Graham John

What constitutes a healthy market?

It isn’t too difficult to describe what constitutes a healthy market yet people rarely do because it is subjective and it has an attitude, it does have a number and I will give you that too.

For me, there are a number of things that are required for the market to be healthy and some of the answer relates to what a normal market is, I’ll discuss that in another article.

A healthy market is one where there is confidence not fear, reassurance and not concern, it is a market of balance.

To have balance we need to be in position where property prices aren’t rising rapidly, that breeds fear, fear of missing out and eventually fear of a backlash. Falling prices are the other side of that issue.

The questions you hear that define those moments are ‘if I don’t do it now I won’t ever get on the ladder!’ and then, later, you hear ‘what happens if things worsen, I could lose money on this home!’

Attitude is key and there are three elements to it:

  1.  Confidence that the market is relatively stable. We all want the market to be affordable but in the same thought we want to know that our investment will increase.
  2. Affordability, we all want to know that if we take on this huge mortgage, this financial burden that we will be safe and we can survive.
  3. ‘I’m buying a home! ‘This is the most important element and yet the one I don’t think many people properly consider, not in an analytical and almost introspective way.

One of the most common mistakes I have seen people make and I have spoken and worked with many thousands of people through my career so far, is to focus on money, on investment when buying a home.

There needs to be a separation in your attitude.

If you are a property investor then your appraisal of a property should be commercial, calculating, based upon your level of risk aversion be it low or high.  Don’t buy a home you want to live in. You should choose to buy based upon your portfolio aim, your business plan, your expected return on investment. Use common sense and don’t shy away from instinct about good and bad property. Buy an investment.

If you are buying somewhere to live then you’re primary question should be, how will my life improve by being here? How will the time I spend here be made special? Buy a home.

Remember this, we can all make more money if we have to; you started with none. I haven’t yet found someone who can make more time; you don’t know how much you started with and, when it’s gone…

A healthy market is one where people make balanced decisions about buying knowing that the average person now moves once every twelve to fourteen years most likely*. (In todays climate how does that make a longer term fixed rate look?)

Average UK House Prices:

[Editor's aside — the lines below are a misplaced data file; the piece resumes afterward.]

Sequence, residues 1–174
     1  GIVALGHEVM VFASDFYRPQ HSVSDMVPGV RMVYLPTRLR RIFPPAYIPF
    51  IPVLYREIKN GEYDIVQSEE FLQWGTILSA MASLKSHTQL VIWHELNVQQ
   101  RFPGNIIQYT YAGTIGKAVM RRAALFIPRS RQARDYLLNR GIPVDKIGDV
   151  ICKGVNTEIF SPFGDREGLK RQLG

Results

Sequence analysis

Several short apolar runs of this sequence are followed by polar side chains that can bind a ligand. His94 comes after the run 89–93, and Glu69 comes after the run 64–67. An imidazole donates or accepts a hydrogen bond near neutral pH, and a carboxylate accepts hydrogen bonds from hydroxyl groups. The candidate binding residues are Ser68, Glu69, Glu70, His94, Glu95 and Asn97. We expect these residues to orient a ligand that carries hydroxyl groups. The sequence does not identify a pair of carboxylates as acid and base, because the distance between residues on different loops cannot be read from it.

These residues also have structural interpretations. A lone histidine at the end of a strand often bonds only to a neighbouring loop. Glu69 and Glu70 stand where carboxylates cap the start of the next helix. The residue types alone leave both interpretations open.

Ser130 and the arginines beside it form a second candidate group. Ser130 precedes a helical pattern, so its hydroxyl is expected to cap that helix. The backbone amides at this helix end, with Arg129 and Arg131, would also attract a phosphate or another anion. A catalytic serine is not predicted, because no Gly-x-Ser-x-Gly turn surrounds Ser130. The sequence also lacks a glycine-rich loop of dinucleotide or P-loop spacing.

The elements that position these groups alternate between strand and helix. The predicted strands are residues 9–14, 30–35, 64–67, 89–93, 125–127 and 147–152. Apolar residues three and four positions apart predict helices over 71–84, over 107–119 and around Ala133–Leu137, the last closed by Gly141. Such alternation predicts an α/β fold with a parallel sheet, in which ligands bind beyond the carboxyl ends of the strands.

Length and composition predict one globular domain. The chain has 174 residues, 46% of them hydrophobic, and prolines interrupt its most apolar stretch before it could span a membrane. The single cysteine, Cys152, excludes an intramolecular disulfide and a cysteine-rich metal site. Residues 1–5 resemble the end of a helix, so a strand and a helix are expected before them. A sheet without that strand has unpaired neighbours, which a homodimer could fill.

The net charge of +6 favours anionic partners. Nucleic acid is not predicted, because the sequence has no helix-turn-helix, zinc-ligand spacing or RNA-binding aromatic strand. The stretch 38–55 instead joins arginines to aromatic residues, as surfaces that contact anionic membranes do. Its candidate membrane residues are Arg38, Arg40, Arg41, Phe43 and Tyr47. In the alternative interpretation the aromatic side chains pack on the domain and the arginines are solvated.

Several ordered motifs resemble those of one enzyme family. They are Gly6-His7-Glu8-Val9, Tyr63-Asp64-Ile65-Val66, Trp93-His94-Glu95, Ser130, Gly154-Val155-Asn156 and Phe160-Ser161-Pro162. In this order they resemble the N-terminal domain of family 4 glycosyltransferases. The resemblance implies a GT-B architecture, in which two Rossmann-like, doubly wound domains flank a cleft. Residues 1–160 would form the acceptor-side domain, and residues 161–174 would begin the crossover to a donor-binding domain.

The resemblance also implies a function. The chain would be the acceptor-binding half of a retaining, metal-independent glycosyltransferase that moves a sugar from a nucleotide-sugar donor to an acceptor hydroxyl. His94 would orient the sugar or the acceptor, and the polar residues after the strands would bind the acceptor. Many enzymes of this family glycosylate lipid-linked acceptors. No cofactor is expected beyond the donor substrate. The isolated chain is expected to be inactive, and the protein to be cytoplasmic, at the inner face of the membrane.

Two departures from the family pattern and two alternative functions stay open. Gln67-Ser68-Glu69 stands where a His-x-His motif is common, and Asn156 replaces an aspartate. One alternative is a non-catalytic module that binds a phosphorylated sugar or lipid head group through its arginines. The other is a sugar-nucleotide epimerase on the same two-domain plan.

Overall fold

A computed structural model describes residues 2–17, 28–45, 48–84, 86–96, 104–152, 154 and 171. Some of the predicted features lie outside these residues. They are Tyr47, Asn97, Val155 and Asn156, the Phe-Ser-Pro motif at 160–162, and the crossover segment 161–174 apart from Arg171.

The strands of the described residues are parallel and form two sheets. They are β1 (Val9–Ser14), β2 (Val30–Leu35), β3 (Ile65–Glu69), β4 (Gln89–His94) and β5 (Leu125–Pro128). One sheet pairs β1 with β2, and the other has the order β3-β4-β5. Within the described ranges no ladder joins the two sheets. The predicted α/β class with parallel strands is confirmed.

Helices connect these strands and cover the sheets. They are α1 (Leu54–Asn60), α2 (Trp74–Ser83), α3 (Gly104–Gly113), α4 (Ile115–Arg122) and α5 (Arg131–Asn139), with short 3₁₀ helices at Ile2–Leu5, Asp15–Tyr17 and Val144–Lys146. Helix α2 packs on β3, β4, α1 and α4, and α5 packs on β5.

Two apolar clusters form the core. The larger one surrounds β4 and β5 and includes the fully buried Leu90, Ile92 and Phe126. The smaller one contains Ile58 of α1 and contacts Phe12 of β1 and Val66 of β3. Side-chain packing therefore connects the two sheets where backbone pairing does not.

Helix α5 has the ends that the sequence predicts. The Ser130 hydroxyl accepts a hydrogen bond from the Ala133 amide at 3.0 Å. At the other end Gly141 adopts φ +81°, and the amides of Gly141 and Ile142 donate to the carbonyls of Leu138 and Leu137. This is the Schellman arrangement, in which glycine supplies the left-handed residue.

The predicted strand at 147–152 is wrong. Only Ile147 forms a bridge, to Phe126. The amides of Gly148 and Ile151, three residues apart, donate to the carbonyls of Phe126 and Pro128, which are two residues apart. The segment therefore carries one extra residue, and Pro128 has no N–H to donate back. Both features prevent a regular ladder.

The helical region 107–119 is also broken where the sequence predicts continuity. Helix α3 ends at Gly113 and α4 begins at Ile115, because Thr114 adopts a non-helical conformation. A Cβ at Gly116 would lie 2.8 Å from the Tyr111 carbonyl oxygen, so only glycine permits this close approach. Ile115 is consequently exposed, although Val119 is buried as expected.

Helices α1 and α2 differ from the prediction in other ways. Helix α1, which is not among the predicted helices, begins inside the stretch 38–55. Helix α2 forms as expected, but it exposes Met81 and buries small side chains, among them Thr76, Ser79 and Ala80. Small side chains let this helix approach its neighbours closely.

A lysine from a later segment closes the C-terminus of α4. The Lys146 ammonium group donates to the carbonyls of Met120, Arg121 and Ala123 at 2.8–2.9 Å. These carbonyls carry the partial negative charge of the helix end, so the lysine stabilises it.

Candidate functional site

1952                                   £1,881

1962                                  £2,645

1972                                  £6,966

1982                                 £24,851

1992                                 £51,815

2002                              £106,406

2012                              £165,908

2022                              £292,000

The purpose of this series of articles is not to provide you with answers it is to get you thinking.  I don’t want you to listen to me or anyone else out there, I want you to ask yourself:

What is right for me?

Get advice along the way, talk to and listen to professionals, the essentials are:

Independent Mortgage Advisor



When you are thinking of buying, of making one of or the largest financial decision in your life, don’t scrimp, work with great people.

A healthy market is also one where the process of buying and selling works smoothly, efficiently and effectively; most importantly, it does those things for the consumer, the customer, the buyer and the seller.

I mentioned there is a number to a healthy market, in my mind it is one point two five million and  I’ll explain that elsewhere too.



Please note that there are lots of statistics out there relating to house prices, numbers of transactions and all manner of issues. There is different data, different ways of analysing, different algorithms etc etc etc.

The numbers shown are provided to give context and some may challenge them, suggest alterations, please do your own research and come to your own conclusions. I keep learning along the way and will be over the moon if you do too.

* A report in two thousand and seventeen suggested that the average person moves once every twenty three years.

If you haven’t already, do read:

Ten key questions to understand where the property market is heading.

Choosing a Solicitor: Why does it matter?





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  1. Bloody brilliant article Matt 🙌🏼

  2. Thank you!

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